February brings stale candy on sale the day after Valentine's Day, July offers PSAs featuring fireworks and missing fingers, and January means dopey movies about demonic possession.

And if The Devil Inside, 2012's entry in this ever-enervating genre, isn't the stupidest of the lot, it still maintains the tradition of the year's first month offering some of its very worst movies.

Mind you, this silly film cost a million bucks to make, and earned twice that in the Thursday midnight screenings alone, so we have only ourselves to blame. Unless the devil made us do it.

The Devil Inside takes the radically new and different tack of being a mock-documentary, so the entire film is shot from the POV of a filmmaker who finds himself in a terrifying … oh, you know.

It's the same old Blair Witch rehash, this time following Isabella (Fernanda Andrade) to Rome to visit her mother Maria (Suzan Crowley). Maria has been institutionalized since she murdered two priests and a nun in 1989, when Isabella was 7, and mother and daughter haven't seen each other in the ensuing 20 years.

While the Catholic Church never officially admitted that the murders took place during an attempt to perform an exorcism on Maria, the fact that she was transferred from the US to Rome speaks volumes. (The Devil Inside opens with a hilarious disclaimer that the Vatican does not endorse the movie; we already have a contender for this year's list of no duh moments.)

Operating without the endorsement of the Holy See, Isabella and director Michael (Ionut Grama) enlist the help of exorcism students David (Evan Helmuth) and Ben (Simon Quarterman)to perform the rite on Maria once again. Things don't go well, particularly since demons can hop from body to body -- you know, like cooties.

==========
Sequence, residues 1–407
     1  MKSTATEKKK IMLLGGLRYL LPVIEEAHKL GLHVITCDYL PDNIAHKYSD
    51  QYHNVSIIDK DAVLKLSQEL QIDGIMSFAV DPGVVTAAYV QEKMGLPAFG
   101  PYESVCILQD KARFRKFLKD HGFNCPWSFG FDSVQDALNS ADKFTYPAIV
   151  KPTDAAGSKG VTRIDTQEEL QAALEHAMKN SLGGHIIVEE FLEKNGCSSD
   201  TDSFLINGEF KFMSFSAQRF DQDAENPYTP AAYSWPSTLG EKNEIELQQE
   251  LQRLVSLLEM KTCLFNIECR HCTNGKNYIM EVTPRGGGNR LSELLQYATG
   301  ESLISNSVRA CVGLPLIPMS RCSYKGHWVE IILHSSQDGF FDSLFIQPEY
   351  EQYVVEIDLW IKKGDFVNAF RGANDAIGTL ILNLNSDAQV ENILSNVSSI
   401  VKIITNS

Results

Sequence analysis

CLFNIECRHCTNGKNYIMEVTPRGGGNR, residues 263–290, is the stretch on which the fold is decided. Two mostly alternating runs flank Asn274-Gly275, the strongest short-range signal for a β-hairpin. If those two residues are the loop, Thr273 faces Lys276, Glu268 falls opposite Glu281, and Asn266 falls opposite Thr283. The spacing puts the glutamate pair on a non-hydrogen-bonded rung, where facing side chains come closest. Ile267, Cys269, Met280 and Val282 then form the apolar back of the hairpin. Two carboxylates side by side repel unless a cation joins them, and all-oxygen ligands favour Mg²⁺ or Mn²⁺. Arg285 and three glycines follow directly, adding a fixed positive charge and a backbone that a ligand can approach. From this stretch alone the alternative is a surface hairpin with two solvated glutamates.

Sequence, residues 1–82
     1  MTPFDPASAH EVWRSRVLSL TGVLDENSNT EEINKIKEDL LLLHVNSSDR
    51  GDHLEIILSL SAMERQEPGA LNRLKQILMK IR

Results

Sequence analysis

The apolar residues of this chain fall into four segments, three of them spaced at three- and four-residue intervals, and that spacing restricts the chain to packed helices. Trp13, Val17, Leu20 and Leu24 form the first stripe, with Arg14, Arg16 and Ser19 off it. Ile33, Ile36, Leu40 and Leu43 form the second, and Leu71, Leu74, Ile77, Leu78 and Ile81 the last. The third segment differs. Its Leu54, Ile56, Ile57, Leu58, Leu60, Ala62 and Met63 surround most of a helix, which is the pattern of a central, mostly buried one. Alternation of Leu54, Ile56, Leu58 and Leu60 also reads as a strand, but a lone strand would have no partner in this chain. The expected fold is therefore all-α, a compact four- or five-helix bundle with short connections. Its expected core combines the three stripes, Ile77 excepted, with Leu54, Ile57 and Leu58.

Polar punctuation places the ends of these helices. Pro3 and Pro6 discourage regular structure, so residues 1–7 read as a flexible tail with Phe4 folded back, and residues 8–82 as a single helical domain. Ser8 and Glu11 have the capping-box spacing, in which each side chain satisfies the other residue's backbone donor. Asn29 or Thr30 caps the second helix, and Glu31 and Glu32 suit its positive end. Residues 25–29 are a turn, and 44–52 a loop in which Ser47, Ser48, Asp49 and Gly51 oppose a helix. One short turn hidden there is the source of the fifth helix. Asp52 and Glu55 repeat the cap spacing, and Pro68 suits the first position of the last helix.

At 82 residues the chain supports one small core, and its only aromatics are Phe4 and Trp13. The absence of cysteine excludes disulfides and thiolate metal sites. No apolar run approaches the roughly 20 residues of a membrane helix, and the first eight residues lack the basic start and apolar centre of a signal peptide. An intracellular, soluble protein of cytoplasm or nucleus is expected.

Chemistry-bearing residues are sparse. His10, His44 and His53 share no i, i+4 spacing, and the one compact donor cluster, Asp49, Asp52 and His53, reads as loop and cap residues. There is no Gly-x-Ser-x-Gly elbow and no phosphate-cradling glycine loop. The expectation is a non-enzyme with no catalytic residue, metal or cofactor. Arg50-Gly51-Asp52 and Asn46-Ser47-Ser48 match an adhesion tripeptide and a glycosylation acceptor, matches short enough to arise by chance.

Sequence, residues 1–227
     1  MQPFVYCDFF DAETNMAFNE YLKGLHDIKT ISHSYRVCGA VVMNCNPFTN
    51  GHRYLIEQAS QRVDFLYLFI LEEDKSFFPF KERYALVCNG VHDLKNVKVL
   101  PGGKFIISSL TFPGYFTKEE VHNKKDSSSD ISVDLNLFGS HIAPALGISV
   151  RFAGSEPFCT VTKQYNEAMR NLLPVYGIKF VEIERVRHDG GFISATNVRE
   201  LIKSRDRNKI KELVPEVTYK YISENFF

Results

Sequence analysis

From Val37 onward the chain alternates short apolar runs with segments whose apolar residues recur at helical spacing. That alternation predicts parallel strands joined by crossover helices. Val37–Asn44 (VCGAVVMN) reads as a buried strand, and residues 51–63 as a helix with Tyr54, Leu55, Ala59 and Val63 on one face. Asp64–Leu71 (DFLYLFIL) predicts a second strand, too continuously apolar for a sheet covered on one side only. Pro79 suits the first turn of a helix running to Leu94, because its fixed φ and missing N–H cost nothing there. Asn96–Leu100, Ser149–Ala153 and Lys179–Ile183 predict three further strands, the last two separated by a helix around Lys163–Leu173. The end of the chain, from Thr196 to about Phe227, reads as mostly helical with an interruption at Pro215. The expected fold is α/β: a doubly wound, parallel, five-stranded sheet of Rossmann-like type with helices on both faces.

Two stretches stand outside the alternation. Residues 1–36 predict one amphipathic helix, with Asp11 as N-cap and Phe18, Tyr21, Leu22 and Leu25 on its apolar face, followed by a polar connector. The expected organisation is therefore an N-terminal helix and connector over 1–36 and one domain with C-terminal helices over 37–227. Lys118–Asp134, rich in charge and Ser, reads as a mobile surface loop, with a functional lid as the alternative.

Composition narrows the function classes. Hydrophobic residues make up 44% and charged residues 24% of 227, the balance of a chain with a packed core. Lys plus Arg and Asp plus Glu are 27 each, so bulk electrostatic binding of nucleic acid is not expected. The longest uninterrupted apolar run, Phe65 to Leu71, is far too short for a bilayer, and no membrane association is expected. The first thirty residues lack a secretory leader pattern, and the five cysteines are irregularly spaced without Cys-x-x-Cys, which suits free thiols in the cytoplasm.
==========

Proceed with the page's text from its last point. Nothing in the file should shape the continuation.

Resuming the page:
In the decades since William Friedkin's landmark The Exorcist, we've seen this sort of thing in countless movies, and it's pretty much the same formula -- skeptical outsider, earnest priests, Catholic pageantry, a restrained woman twisted in weird positions and speaking multiple languages and revealing painful truths that the exorcist has kept to himself, etc.

The Devil Inside dutifully touches all the bases, and to its credit, it does muster a few spooky moments. The scenes of exorcism provide some chills, thanks mostly to the performances of Crowley (as well as Bonnie Morgan, whose contortionist skills are on full display here as another possessee), but director William Brent Bell (Stay Alive) and his co-writer Matthew Peterman offer way too much set-up for too little payoff. Once the characters start talking to the camera about the filmmaking process, you can feel the actual filmmakers stalling for time.

Bell also indulges in a lot of tired horror shtick, from the we're-making-a-movie-here narrative to the camera in a car that's flipping over routine that everyone's been stealing from Let Me In of late.

And then there's the ending, which I won't spoil here -- suffice it to say that Twitter was full of reports of people booing. (While my fellow viewers didn't react quite as viscerally, people did laugh out loud and make other sounds that suggested that eyes were rolling all over the auditorium.)

The Devil Inside won't be 90 minutes in hell -- and it's more fun to watch than, say, last year's The Rite -- but you're better off popping in your Exorcist DVD for the 20th time than venturing out for this hooey.